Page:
Aug 14, 2016

Parts of Louisiana get an entire Seattle winter season of rain in 48 hours

Amite City, LA
USA
by
Scott Sistek
,
KATU
This aerial photo shows flooded homes along the Tangipahoa River near Amite, La., Saturday, Aug. 13, 2016. Photo: Ted Jackson / NOLA
This aerial photo shows flooded homes along the Tangipahoa River near Amite, La., Saturday, Aug. 13, 2016. Photo: Ted Jackson / NOLA

There was an extraordinary meteorological event that occurred in the Bayou this week and weekend, as a stalled area of low pressure tapped into tropical moisture and brought catastrophic amounts of rain to parts of Louisiana.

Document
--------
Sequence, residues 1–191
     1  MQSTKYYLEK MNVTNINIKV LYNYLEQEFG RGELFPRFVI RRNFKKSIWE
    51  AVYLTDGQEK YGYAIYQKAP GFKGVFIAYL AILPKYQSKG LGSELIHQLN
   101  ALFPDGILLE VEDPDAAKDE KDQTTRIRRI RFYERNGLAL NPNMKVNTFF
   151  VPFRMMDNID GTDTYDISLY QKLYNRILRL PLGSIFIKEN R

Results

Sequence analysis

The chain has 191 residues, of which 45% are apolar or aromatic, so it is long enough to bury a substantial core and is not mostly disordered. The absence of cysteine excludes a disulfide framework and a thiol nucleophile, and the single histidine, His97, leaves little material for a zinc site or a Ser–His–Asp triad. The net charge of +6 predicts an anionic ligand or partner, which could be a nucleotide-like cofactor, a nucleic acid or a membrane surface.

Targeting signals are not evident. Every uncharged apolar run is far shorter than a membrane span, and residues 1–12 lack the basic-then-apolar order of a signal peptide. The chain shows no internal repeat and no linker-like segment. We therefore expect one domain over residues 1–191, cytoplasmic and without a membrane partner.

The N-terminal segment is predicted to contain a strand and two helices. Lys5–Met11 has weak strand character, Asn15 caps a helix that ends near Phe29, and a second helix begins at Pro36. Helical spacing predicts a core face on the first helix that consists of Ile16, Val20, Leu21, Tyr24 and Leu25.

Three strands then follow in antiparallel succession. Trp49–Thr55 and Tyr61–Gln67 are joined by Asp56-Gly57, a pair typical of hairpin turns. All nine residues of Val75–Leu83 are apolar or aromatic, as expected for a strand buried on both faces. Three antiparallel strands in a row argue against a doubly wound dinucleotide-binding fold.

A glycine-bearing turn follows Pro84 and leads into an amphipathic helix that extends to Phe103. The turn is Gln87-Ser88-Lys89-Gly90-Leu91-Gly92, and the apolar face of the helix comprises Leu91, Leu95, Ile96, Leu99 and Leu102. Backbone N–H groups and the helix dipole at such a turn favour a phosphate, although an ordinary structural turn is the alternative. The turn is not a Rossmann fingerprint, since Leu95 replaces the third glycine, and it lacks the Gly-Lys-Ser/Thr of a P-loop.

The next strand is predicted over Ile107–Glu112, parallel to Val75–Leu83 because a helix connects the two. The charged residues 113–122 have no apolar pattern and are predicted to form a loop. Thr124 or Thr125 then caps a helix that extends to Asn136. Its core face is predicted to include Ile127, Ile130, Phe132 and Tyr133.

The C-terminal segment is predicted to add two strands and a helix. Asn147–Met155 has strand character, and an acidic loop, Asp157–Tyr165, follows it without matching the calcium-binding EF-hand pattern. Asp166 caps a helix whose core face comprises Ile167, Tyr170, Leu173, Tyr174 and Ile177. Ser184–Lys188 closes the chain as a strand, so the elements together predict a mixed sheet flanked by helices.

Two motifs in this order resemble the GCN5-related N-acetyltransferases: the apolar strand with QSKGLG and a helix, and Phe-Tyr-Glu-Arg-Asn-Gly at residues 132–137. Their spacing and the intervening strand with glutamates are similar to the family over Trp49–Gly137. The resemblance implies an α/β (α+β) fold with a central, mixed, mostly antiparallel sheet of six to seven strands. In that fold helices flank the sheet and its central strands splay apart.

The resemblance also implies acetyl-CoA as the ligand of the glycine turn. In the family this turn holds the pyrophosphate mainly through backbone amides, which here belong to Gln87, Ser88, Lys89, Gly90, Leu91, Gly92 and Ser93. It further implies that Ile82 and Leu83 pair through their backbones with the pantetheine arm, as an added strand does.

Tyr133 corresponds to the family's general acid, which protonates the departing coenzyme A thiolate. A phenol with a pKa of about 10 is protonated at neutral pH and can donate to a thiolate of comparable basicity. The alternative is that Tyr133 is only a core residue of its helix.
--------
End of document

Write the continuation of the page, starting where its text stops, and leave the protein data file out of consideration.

Three people have been killed and thousands have had to be rescued as relentless rains led to widespread flooding to levels never before seen in that area. Entire neighborhoods were under water and over 100 cars have been stranded on a seven-mile stretch of a freeway near Baton Rouge due to flooded roads.

Louisiana Gov. John Bel Edwards declared a state of emergency, calling the floods "unprecedented" and "historic." He and his family were even forced to leave the Governor's Mansion in Baton Rouge when chest-high water filled the basement and electricity was shut off.

"That's never happened before," said the governor, whose family relocated to a state police facility in the Baton Rouge area.

During an aerial tour, an Associated Press reporter saw homes in parts of rural Tangipahoa Parish that looked like little islands among flooded fields. Farmland was covered and streets descended into impassable pools of water